@tkremenek What about Actors from the Concurrency Manifesto, is it something that would be investigated for Swift 6 or later down the road? I know async / await is something that a lot of people are excited about but Actors are not discussed as much here on the forums. I have been learning Elixir lately and I am impressed by the OTP framework.
I am so happy if the core team allow swift to make the android app. For example like flutter support android and ios app both. I want to suggest to core team make one language code base to export two apps android and ios.
It would be nice to program Android apps (and everything on every platform) with Swift. However, Swift is a general-purpose programming language, not a GUI tookit/framwork like Flutter. Swift already builds on Android, but it takes more than just the language to make an app.
You might want to check out https://github.com/flowkey/uikit-cross-platform which we’ve been using to share all our UI code between iOS and Android in production for the last couple of years
will swift 6 have moveonly types, especially
btw, will it have borrowing rules(either only one mut ref or any number of immut refs)?
It would be great to have namespaces in Swift, or something similar to Java / Kotlin packages. They help a lot to structure code in big frameworks.
There are also some other wishes:
- automatically remove unneeded imports
- handling of unused code (like in AppCode & Android Studio)
- improve autocomplete when we want to import not the whole module, but only some concrete Types, like 'import enum Alamofire.Result'
- add to the application only the code from the libraries that is actually used, like in Kotlin. For example, if the full framework size is 20 Mb, but you use only about 10 classes or functions from it, then only these concrete functions will be added to the final binary. Thus, instead of adding all of 20 Mb, only 1 Mb that is used will be added.
Swift 5 is really astonishing. I think that the focus is on the right things. It would be amazing to be able to write cross platform at full speed. I would also really like Swift used for embedded development. Modelling concurrency at the language level would greatly improve the readability of code and reaffirm one of Swift's core tenets "clarity at the point of use". Protocol oriented programming restrictions could be relaxed with the emphasis on existentials and making a better use of the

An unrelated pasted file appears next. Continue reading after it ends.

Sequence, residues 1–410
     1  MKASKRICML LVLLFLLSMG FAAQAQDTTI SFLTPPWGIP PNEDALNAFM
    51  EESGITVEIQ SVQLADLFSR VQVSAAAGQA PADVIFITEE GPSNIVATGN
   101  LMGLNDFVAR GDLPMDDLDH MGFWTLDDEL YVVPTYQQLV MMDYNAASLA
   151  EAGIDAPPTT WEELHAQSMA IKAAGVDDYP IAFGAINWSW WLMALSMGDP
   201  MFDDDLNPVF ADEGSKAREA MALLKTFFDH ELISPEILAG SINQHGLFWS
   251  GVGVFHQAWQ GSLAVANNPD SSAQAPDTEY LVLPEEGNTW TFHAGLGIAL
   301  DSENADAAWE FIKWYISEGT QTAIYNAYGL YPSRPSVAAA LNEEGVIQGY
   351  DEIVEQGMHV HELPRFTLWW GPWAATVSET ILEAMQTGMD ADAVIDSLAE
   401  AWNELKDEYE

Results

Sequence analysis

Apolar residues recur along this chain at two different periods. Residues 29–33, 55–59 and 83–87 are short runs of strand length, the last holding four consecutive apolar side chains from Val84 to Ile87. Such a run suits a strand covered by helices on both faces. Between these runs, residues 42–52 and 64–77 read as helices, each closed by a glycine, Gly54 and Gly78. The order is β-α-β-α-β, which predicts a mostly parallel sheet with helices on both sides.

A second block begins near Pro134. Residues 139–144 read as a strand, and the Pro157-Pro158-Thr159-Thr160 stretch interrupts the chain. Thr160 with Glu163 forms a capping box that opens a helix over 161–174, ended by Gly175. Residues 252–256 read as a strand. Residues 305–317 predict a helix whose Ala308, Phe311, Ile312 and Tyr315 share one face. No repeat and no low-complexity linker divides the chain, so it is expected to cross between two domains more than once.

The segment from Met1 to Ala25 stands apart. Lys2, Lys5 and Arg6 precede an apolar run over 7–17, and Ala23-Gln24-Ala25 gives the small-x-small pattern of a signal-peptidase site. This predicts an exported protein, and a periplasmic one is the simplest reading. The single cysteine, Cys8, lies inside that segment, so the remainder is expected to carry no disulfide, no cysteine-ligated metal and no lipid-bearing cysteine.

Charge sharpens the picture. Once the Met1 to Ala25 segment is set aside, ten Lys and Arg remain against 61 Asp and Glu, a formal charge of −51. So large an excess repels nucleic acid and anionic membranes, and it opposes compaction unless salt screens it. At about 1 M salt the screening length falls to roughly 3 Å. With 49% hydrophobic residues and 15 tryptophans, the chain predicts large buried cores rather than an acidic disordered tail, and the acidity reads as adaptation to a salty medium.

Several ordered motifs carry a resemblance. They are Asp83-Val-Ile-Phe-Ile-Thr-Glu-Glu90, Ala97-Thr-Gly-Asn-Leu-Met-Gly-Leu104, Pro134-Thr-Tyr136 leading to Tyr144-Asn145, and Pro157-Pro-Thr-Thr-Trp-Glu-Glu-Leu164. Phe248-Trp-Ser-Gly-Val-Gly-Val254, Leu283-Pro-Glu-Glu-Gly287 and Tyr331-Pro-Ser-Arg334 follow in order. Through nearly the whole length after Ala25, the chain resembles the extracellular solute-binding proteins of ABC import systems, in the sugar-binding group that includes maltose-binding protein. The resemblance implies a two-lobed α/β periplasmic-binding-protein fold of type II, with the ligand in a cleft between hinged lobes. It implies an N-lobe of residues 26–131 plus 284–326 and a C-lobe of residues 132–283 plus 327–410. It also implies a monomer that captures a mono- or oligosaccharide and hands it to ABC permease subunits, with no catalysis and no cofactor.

where keyword. Standard library use can be further simplified e.g.
Decodable heterogeneous arrays. The Swift ecosystem would do well by adopting functional programming libraries under it's umbrella such as Prelude. Documentation should be improved with new language features, explaining their use. I'd like to see that for SE-0267. Obviously the autocomplete speed improvement would go a long way. All of this, and much much more is what I'm looking forward to in Swift 6!
Looks like there are updates for that in this section on contextual where clauses.
As more focus is going towards a decentralized web, it makes sense to have Swift and SwiftUI ported to Android and Linux. The idea is that sites will no longer require a browser, and should be self contained applications. This will enable apps to enter a new level of ubiquity, and eventually expand the ecosystem to single app devices, similar to Watch OS (multiple apps, but really just a single app with nested packages) or the iPod nano, where only a single app is launched for that device. The future will be these specific use devices, and it would be fantastic if these neutrino devices were powered by Apple. In addition, compiling swift natively on the client will enable a whole new installation experience for apps, signed by the Apple App Store.